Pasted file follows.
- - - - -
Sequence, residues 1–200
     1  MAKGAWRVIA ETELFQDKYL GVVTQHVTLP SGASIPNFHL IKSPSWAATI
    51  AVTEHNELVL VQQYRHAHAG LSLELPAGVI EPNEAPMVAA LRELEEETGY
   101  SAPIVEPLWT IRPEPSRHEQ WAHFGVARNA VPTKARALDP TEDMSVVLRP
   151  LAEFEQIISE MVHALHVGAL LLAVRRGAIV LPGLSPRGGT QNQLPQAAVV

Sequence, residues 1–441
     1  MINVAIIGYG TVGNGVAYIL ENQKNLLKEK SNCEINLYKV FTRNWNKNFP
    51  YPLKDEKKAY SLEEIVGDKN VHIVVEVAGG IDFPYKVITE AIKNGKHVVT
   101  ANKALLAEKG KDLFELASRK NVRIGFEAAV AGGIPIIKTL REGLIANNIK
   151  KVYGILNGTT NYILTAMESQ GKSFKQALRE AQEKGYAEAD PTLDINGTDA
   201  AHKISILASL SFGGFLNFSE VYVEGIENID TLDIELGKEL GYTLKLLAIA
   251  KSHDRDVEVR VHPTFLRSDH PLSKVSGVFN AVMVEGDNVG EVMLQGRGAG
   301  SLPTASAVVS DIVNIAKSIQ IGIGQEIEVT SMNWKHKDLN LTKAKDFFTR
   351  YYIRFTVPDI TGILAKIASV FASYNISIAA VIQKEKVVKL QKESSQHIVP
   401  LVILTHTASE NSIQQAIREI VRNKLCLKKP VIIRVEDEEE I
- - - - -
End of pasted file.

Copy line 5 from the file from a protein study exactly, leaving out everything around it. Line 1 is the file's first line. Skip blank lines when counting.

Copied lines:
   151  LAEFEQIISE MVHALHVGAL LLAVRRGAIV LPGLSPRGGT QNQLPQAAVV